Aojiso Perilla frutescens crispa fo. viridi-crispa
Akajiso Perilla frutescens purpurea Makino (flat leaves) and Perilla frutescens purpurea crispa (crinkled leaves)
Katamenjiso Perilla frutescens crispa fo. discolor
There is an old Chinese tale from the late 2nd/early 3rd century behind the name shiso. A young man who was dying from food poisoning after having eaten too much crab was given a purple-colored decoction remedy by Hua Tuo (?-208), a legendary doctor who happened to pass by, and the man quickly recovered his health. After this episode, people started to call the plant shiso, which means “purple (plant) that revives life” in Chinese characters.
Based on this episode, it is believed that purple perilla is older than green perilla, and purple perilla had been used for medicinal remedies for centuries. Regardless of color, perilla has a distinctive aroma. It comes from perillaldehyde, which promotes stomach fluids and increases appetite. The substance also has an antiseptic function and is effective to prevent food poisoning (and thus often accompanies sashimi). Rich in beta carotene (11000 μg/100 g), it also contains a fair amount of calcium (230 mg/100 g), iron, potassium, fiber, and Vitamins B1, B2 and C. Rosmarinic acid in perilla leaves and luteolin (flavone) in fruit also helps to prevent allergies.
Shiso, especially aojiso green perilla, appears quite often at the table in summer. Its refreshing note and aroma are perfect companions for tofu and cold somen noodles. It is also found as an ingredient in tempura and many other dishes to which herbs are added. At our table, it is an indispensable ingredient in temakizushi or hand-rolled sushi. Many people in Japan use aojiso as a basil substitute for an instant makeover of western dishes into something Japanese.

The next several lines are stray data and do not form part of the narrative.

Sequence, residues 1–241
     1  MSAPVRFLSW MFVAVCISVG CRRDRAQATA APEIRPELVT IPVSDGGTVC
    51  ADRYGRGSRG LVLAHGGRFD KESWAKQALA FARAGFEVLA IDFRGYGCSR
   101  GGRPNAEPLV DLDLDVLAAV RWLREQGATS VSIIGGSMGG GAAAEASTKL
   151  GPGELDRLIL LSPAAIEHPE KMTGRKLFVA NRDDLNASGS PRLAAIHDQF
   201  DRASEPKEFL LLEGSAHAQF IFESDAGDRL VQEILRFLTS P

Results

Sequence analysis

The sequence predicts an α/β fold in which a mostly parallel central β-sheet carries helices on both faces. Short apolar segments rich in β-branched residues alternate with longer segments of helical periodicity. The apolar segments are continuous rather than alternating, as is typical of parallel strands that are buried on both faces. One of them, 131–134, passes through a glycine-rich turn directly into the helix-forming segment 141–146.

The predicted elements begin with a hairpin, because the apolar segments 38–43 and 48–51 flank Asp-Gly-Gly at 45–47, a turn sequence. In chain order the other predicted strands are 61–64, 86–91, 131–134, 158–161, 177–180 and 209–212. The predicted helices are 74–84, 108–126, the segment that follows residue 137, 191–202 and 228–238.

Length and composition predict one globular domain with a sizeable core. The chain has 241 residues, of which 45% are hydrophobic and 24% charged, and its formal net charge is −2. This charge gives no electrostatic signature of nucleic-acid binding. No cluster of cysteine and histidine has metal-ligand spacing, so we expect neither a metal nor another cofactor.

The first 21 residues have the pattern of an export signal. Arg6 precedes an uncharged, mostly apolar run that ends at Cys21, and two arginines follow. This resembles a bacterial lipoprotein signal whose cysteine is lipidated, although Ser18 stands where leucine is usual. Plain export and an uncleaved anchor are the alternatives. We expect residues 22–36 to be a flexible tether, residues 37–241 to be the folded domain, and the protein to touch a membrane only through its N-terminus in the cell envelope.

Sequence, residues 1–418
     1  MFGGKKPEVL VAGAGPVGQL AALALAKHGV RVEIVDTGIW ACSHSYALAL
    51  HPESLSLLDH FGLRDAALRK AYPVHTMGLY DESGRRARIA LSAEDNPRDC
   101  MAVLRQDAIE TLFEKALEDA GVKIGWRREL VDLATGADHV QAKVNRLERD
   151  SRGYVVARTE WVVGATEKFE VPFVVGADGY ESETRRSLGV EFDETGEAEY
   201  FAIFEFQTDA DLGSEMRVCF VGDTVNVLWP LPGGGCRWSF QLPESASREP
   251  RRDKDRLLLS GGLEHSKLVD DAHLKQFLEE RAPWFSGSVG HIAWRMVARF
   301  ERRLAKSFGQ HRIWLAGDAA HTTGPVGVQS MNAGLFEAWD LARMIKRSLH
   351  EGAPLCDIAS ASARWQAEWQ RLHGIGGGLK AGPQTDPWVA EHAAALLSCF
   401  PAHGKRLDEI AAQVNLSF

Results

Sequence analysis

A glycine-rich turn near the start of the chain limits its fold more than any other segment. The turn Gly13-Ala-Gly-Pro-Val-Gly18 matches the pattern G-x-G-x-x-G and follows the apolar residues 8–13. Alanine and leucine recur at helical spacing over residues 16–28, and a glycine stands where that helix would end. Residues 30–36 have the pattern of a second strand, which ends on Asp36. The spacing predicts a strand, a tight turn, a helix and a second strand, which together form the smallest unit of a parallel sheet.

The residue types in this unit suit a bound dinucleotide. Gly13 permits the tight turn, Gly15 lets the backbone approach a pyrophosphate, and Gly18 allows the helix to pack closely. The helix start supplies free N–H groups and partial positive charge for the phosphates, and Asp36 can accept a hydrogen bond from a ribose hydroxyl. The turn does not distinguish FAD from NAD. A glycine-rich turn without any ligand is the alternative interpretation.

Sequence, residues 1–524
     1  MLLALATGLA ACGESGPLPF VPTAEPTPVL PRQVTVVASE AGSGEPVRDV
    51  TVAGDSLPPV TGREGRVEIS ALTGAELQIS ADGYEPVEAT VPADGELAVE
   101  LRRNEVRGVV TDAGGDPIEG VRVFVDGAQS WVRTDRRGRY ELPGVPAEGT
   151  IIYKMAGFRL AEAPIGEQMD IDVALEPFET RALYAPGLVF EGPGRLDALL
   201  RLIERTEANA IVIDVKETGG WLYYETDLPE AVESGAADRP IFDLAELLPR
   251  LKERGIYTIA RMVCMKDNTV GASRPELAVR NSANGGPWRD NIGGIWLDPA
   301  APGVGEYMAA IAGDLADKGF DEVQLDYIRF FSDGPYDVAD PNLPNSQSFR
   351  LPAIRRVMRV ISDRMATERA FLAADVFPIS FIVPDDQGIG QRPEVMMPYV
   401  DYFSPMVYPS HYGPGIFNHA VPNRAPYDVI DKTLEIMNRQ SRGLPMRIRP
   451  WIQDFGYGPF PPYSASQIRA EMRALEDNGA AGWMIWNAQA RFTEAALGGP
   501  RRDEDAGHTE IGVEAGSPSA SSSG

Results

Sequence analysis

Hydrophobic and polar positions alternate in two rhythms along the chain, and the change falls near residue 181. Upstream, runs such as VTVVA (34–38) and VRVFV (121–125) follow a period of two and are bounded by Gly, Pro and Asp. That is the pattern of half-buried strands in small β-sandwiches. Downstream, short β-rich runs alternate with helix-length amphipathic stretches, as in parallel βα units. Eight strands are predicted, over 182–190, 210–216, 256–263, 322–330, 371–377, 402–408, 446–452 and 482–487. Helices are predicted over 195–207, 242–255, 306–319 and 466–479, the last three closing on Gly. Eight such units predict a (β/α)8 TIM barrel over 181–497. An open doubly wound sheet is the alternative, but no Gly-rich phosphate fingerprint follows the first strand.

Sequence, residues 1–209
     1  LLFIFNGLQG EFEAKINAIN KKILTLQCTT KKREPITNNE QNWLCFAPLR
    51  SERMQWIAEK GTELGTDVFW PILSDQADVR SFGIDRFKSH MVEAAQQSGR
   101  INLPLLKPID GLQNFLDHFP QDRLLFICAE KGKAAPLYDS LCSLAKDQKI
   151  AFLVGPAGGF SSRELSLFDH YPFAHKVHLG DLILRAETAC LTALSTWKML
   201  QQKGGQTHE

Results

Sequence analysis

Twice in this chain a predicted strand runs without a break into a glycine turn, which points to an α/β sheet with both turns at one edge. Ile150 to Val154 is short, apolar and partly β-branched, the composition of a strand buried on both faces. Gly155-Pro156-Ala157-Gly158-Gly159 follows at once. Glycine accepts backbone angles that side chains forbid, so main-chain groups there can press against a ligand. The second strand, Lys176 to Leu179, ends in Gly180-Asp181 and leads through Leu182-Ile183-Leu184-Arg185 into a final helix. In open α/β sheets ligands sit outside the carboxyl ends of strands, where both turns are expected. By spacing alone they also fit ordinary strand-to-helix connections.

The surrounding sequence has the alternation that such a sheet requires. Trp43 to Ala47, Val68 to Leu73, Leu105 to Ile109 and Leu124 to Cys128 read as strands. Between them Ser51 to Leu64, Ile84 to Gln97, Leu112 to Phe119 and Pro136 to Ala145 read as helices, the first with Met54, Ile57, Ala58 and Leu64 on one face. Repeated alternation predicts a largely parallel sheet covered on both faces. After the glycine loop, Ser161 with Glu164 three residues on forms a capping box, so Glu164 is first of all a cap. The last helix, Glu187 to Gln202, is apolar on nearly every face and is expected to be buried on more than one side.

Akajiso purple perilla is traditionally is used for coloring pickles, including umeboshi, and as furikake topping for rice. In recent years, akajiso has made a comeback as a ruby-colored health tonic in Japan.
Shiso fruits (shiso no mi) are also used to make pickles.
Shiso leaves: 37 kcal/100 g; 86.7% water, 3.9% protein, 0.1% fat, 7.5% carbohydrate, 1.7% ash
Recipes with shiso
- Tomorokoshi gohan / steamed rice with corn
- Hiyajiru / steamed barley rice with cold sesame-miso soup with cucumber and grilled fish
- Fubaagu no shisomaki / small gluten cake burgers wrapped with perilla leaves
- Shisozu / perilla-infused vinegar
- Shiso soosu / green perilla sauce
- Nasu no hisui somen / eggplant jade noodles
- Hiyayakko / chilled soft tofu with condiments
- Yakinasu-iri nyumen / warm somen noodles and grilled eggplant in broth
- Shiso no mi no shiozuke (aojiso) / salted green perilla fruits
- Hanaho to kobashira no kakiage / mixed tempura with perilla flower spikes and bay scallops
- Akajiso shiroppu, juusu & kakuteru / purple perilla leaf syrup, juice & cocktail
- Akajiso no furikake / purple perilla leaf topping for steamed rice
- Sakana no sotee, ume-shiso soosu / fish saute with plum-perilla sauce
- Nukuyakko, hanaho to jako no irini-zoe / warm tofu topped with saute-simmered perilla flowers and young dried sardines in broth
- Shirasu to shiso no mazegohan / steamed rice with young dried sardines and perilla leaves
- Shiso to sakura ebi no tamagoyaki / omelet with perilla leaves and dried shrimp
- Temakizushi / hand-rolled sushi
- Kyuri no shiomomi, shiso iri / Japanese cucumber instant pickle, with green perilla leaf
Try shiso in the following recipes
- Kuzukiri to daikon, kani no sarada / kudzu arrowroot starch noodle, daikon radish and crabmeat salad, with citrus-flavored soy sauce dressing
- Petoraaru karei no kankoku-fu pirikara-ni / braised petrale sole in mildly spicy sauce, Korean style
- Tsukune no teriyaki / grilled chicken meatballs with teriyaki sauce
(Last updated: August 28, 2016)